Luca della Robbia was an Italian sculptor from Florence. Della Robbia is noted for his colorful, tin-glazed terracotta statuary, a technique which he invented and passed on to his nephew Andrea della Robbia and great-nephews Giovanni della Robbia and Girolamo della Robbia. Though a leading sculptor in stone, he worked primarily in terracotta after developing his technique in the early 1440s. His large workshop produced both cheaper works cast from molds in multiple versions, and more expensive one-off individually modeled pieces.

<i>Adoration of the Magi</i> (Leonardo) Unfinished painting by Leonardo da Vinci

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<i>Doni Tondo</i>

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Giovanni Francesco Rustici

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Giovanni della Robbia

Giovanni della Robbia (1469–1529) was an Italian Renaissance ceramic artist.

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Themes in Italian Renaissance painting

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Cartouche (design)

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<i>Virgin and Child with the Infant St. John the Baptist</i> (Botticelli)

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<i>Adoration of the Magi</i> (Andrea della Robbia)

This depiction of the Adoration of the Magi is an altarpiece by Florentine sculptor Andrea della Robbia (1435–1525). Andrea inherited the family workshop from his famous uncle, Luca della Robbia, who had developed the technique of applying tin glazes, similar to those used by potters, to terracotta to produce sculptures that were colourful, durable and relatively cheap. Larger sculptures, such as this example which dates to about 1500–1510, were made in sections in order to fit into the kiln for firing.

<i>Taddei Tondo</i>

The Taddei Tondo or The Virgin and Child with the Infant St John is a marble relief tondo of the Madonna and Child and the infant Saint John the Baptist, by the Italian Renaissance artist Michelangelo Buonarroti. It is in the permanent collection of the Royal Academy of Arts in London, it is the only marble sculpture by Michelangelo in Great Britain. A "perfect demonstration" of his carving technique, the work delivers a "powerful emotional and narrative punch".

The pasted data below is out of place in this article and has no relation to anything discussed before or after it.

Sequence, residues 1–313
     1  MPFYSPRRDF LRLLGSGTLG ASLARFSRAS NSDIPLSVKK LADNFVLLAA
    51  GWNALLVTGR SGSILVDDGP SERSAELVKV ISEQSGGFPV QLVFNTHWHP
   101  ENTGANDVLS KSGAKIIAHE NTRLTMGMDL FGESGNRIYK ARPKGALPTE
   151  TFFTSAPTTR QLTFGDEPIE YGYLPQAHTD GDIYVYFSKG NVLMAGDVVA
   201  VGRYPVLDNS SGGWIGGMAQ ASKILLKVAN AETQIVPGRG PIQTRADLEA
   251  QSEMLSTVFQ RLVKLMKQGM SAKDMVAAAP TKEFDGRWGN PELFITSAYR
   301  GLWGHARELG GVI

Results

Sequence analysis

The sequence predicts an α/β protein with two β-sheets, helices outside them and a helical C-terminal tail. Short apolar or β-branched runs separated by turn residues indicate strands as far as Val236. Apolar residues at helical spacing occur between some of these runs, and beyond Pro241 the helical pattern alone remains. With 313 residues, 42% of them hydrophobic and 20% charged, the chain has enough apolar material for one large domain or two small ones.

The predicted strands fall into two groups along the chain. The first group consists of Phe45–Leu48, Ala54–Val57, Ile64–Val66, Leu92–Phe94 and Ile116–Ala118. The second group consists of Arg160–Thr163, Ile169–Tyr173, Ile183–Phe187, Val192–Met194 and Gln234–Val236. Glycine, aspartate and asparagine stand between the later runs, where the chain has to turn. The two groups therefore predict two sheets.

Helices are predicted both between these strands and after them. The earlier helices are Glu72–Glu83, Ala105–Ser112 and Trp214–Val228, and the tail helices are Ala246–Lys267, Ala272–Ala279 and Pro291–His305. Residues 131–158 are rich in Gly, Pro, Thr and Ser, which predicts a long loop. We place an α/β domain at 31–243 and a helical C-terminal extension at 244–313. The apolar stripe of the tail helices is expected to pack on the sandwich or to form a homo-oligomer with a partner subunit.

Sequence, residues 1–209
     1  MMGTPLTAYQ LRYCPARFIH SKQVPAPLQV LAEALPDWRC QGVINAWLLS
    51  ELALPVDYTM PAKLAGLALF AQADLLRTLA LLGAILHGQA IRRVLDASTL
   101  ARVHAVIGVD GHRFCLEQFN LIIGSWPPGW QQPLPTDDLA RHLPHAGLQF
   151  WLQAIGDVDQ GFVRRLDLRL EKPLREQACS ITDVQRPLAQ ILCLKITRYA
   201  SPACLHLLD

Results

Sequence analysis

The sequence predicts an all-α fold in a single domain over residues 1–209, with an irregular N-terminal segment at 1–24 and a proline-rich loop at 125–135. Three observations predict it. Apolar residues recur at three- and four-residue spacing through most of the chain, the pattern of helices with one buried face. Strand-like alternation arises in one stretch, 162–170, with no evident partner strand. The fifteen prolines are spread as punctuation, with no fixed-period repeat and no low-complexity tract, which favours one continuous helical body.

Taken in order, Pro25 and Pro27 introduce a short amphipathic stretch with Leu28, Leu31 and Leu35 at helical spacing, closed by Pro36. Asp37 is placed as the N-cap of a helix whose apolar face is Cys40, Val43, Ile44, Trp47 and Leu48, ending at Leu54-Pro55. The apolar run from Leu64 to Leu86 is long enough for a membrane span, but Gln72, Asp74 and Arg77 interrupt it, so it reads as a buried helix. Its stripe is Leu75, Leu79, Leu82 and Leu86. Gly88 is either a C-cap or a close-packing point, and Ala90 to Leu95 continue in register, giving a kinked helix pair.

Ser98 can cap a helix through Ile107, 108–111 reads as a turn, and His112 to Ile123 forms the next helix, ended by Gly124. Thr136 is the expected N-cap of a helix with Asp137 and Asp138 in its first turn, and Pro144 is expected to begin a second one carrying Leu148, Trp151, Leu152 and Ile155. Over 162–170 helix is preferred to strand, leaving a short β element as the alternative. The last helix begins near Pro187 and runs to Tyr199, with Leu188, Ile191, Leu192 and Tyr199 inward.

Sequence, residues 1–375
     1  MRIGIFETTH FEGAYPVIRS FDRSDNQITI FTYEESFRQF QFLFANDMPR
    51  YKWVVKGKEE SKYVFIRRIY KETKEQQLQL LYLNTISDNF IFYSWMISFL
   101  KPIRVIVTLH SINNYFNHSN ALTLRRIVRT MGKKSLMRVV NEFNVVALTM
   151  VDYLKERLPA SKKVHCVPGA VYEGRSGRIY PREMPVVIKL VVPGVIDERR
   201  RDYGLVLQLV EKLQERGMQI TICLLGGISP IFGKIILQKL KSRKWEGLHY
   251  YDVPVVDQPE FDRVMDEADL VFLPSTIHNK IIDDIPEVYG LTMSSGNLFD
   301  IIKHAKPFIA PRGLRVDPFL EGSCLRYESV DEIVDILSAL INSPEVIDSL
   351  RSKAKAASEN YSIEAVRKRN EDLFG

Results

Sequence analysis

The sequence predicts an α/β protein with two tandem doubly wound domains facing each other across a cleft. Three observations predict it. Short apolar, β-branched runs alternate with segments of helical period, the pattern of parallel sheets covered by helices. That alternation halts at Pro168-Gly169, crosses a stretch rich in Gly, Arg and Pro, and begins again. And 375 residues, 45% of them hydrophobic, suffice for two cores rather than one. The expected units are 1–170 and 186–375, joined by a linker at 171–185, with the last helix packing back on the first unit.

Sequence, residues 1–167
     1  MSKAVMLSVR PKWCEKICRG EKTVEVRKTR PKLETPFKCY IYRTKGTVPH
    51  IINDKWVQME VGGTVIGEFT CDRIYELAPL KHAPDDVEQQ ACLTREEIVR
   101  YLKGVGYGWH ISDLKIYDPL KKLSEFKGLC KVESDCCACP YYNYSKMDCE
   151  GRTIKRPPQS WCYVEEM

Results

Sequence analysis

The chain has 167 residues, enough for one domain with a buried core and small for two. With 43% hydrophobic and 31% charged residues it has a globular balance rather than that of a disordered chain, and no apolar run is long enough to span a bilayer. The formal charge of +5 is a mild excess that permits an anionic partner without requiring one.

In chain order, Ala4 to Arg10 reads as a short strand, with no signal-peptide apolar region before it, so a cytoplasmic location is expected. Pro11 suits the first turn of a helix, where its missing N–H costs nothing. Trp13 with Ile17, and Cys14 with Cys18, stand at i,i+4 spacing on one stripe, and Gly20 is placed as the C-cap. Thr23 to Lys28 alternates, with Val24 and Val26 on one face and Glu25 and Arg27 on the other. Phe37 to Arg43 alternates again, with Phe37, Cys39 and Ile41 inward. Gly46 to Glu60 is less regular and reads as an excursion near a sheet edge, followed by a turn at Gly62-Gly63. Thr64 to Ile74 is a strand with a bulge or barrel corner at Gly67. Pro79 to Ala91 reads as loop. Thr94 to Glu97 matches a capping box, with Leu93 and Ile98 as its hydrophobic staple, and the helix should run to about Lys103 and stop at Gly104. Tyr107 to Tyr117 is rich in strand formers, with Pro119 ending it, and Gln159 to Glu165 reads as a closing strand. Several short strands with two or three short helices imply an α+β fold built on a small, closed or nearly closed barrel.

<i>Adoration of the Magi</i> (Fra Angelico and Filippo Lippi)

The Adoration of the Magi is a tondo, or circular painting, of the Adoration of the Magi assumed to be that recorded in 1492 in the Palazzo Medici Riccardi in Florence as by Fra Angelico. It dates from the mid-15th century and is now in the National Gallery of Art in Washington D.C. Most art historians think that Filippo Lippi painted more of the original work, and that it was added to some years after by other artists, as well as including work by assistants in the workshops of both the original masters. It has been known as the Washington Tondo and Cook Tondo after a former owner, and this latter name in particular continues to be used over 50 years after the painting left the Cook collection.

<i>The Lady of Shalott</i> (William Holman Hunt) Painting by William Holman Hunt

The Lady of Shalott is an oil painting by William Holman Hunt, made c. 1888-1905, and depicting a scene from Tennyson's 1833 poem, "The Lady of Shalott". The painting is held by the Wadsworth Atheneum, in Hartford, Connecticut. A smaller version is held by the Manchester Art Gallery.

References

  1. Wyke, Terry; Cocks, Harry (2004). Public Sculpture of Greater Manchester. Liverpool University. p. 434. ISBN   978-0-85323-567-5. roundel: circular or oval frame within which a relief sculpture may be situated
  2. E. F. van der Grinten, On the Composition of the Medallions in the Interiors of Greek Black- and Red-Figured Kylixes. Amsterdam 1966
  3. "The Adoration of the Kings, about 1470-5, Sandro Botticelli", National Gallery
  4. "Michelangelo, The Doni Tondo".
  5. Artlex.com Archived 2005-04-24 at the Wayback Machine .

Further reading